Australian 'ecomodernist' Barry Brook says the "credible literature (WHO, IAEA) puts the total Chernobyl death toll at less than 60."14 Ben Heard, another Australian 'ecomodernist' (in fact a uranium and nuclear industry consultant ‒ a fact that, like Patrick Moore, he rarely discloses) gives a Chernobyl death toll of 43.15

In 2010, Mark Lynas said the Chernobyl death toll "has likely been only around 65."16 Two years earlier, Lynas cited a WHO estimate of "a few thousand deaths" (actually 9,000 deaths) but attempted to trivialize the death toll by saying that Chernobyl had an "indiscernible" impact on overall deaths.17 The WHO uses the term indiscernible in a technical sense: the Chernobyl death toll can't be picked up by epidemiological studies. When the nuclear industry and its PNE apologists use the term, they're usually trying to leave you with the impression that there is no long-term death toll from exposure to Chernobyl fallout.

There doesn't appear to be a single example of a PNE ‒ or a comparable organisation ‒ providing a credible account of the Chernobyl death toll. The Breakthrough Institute comes closest, stating that "UN officials say that the death toll could be as high as 4,000".18 However the Breakthrough Institute ignores: the follow-up UN/WHO study13 that estimated an additional 5,000 deaths in ex-Soviet states; scientific estimates of the death toll beyond ex-Soviet countries1; scientific literature regarding diseases other than cancer linked to radiation exposure3; and indirect deaths associated with the permanent relocation of over 350,000 people after the Chernobyl disaster.

Ignorance or deceit?

How to explain the misinformation of the PNEs: ignorance or deceit, cock-up or conspiracy? Dishonest cherry-picking certainly seems to be at work. In a review of Robert Stone's 'Pandora's Promise' propaganda film19,20, physicist Dr Ed Lyman from the Union of Concerned Scientists writes:21

"One after another, the film's interviewees talk about how shocked they were to read the 2005 report of the Chernobyl Forum − a group under of U.N. agencies under the auspices of the International Atomic Energy Agency and the governments of Russia, Belarus and Ukraine − and discover that "the health effects of Chernobyl were nothing like what was expected." The film shows pages from that report with certain reassuring sentences underlined.

"But there is no mention of the fact that the Chernobyl Forum only estimated the number of cancer deaths expected among the most highly exposed populations in Ukraine, Belarus and Russia and not the many thousands more predicted by published studies to occur in other parts of Europe that received high levels of fallout. Nor is there mention of the actual health consequences from Chernobyl, including the more than 6,000 thyroid cancers that had occurred by 2005 in individuals who were children or adolescents at the time of the accident. And the film is silent on the results of more recent published studies that report evidence of excesses in other cancers, as well as cardiovascular diseases, are beginning to emerge.22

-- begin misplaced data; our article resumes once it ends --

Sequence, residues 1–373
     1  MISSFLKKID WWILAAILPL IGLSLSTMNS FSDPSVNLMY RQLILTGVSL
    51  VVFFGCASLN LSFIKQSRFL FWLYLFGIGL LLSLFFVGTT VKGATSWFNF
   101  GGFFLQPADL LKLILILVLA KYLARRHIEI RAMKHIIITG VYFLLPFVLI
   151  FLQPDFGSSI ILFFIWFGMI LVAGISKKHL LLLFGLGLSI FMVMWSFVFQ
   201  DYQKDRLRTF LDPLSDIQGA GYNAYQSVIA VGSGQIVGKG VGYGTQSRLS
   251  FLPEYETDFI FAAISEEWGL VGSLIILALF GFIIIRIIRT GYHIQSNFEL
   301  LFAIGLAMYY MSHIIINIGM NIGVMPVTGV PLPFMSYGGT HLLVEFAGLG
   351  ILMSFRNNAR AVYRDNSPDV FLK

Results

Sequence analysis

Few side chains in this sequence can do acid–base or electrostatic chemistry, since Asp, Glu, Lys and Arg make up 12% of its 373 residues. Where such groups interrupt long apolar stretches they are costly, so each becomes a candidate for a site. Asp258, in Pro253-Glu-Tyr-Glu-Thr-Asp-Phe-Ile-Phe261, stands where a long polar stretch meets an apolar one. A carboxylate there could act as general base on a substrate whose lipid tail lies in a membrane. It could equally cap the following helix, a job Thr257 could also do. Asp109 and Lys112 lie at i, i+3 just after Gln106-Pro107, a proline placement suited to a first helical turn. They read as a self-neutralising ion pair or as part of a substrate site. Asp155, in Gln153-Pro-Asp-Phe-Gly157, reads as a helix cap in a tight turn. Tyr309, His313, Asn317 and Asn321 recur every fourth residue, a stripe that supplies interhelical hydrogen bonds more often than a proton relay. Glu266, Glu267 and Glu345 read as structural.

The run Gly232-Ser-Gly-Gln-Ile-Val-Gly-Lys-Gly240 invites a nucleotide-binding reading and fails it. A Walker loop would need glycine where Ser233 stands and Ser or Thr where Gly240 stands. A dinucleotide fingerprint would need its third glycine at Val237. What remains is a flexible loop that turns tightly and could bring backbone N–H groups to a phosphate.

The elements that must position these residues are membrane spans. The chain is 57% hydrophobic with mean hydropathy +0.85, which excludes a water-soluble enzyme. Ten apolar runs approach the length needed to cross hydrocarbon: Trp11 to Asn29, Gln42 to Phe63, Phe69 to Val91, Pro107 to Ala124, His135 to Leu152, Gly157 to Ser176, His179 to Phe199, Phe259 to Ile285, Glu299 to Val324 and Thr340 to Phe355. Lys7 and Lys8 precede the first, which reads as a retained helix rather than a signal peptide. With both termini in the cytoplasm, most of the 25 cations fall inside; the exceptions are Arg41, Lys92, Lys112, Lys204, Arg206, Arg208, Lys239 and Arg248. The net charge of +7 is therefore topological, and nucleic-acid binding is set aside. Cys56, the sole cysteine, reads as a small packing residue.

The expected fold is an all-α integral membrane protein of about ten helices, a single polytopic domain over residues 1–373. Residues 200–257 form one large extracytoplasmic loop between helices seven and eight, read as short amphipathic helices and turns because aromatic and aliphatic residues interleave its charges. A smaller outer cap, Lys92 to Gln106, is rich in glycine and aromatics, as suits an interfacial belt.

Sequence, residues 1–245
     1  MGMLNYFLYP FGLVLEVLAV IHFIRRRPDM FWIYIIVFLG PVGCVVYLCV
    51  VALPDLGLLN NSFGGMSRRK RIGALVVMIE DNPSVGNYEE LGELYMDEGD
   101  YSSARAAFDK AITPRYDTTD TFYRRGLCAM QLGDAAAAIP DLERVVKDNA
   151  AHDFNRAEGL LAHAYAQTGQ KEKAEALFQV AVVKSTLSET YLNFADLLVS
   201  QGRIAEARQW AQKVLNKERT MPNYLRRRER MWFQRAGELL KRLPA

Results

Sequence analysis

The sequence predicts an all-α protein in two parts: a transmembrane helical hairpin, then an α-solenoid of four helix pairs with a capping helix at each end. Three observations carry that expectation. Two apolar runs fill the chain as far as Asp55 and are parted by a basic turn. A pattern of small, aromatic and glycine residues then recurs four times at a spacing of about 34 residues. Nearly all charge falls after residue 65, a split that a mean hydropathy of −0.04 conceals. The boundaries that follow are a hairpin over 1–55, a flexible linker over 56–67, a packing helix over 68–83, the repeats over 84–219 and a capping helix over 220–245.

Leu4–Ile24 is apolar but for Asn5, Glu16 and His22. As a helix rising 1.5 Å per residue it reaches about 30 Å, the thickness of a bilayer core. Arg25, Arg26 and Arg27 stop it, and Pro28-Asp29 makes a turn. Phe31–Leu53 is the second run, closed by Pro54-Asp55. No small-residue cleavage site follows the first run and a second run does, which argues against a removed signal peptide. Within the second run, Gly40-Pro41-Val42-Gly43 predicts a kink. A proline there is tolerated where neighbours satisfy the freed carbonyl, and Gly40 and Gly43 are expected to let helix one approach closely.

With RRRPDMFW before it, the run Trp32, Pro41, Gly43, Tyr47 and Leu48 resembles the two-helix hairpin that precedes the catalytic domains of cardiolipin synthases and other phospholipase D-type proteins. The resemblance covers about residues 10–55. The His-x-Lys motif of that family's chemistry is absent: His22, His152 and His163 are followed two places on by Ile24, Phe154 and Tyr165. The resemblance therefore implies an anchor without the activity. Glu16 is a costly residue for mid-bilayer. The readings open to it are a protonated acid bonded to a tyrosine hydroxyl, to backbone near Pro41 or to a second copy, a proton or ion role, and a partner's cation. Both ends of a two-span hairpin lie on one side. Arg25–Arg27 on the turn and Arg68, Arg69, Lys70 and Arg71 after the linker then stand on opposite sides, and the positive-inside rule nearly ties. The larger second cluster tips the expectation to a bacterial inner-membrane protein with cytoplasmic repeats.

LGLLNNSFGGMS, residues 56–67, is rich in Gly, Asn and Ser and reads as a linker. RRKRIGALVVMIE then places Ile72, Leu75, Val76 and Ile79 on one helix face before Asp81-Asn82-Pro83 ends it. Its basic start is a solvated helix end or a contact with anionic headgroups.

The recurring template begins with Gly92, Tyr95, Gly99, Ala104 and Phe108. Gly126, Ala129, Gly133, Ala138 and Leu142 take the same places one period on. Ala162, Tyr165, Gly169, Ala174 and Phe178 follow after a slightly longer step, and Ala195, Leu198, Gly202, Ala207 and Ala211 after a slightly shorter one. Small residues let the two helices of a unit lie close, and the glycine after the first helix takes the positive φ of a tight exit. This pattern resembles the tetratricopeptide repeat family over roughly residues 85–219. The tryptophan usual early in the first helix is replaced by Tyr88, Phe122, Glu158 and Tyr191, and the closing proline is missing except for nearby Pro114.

"Insult is then added to injury when Lynas then accuses the anti-nuclear movement of "cherry-picking of scientific data" to support their claims. Yet the film had just engaged in some pretty deceptive cherry-picking of its own. Lynas then goes on to assert that the Fukushima accident will probably never kill anyone from radiation, also ignoring studies estimating cancer death tolls ranging from several hundred to several thousand."

Perhaps some PNEs are deceitful ‒ there's no way of knowing without getting inside their heads. On the other hand, evidence of their ignorance abounds. For the most part, PNEs had a shaky understanding of the radiation/health debates (and other nuclear issues) before they joined the pro-nuclear club, and they have a shaky understanding now. Ed Lyman writes:21

"When Lynas says that in his previous life as an anti-nuclear environmentalist he didn't know that there was such a thing as natural background radiation, or Michael Shellenberger [Breakthrough Institute] admitted to once taking on faith the claim that Chernobyl caused a million casualties, the audience may reasonably wonder why it should accept what they believe now that they are pro-nuclear."

George Monbiot23 berates anti-nuclear campaigners for citing a Russian study that used a flawed methodology to reach a flawed estimate of around one million deaths. But most don't cite the study and some have explicitly rejected it. By contrast, every last one of the PNEs peddles misinformation regarding the Chernobyl death toll.

James Hansen's understanding of the radiation/health debates is shaky, to say the least. He falsely claims there is a "generally accepted 100 millisievert threshold for fatal disease development."8 But the accepted scientific position is that there is no threshold. Thus a 2010 UNSCEAR report states that "the current balance of available evidence tends to favour a non-threshold response for the mutational component of radiation-associated cancer induction at low doses and low dose rates."24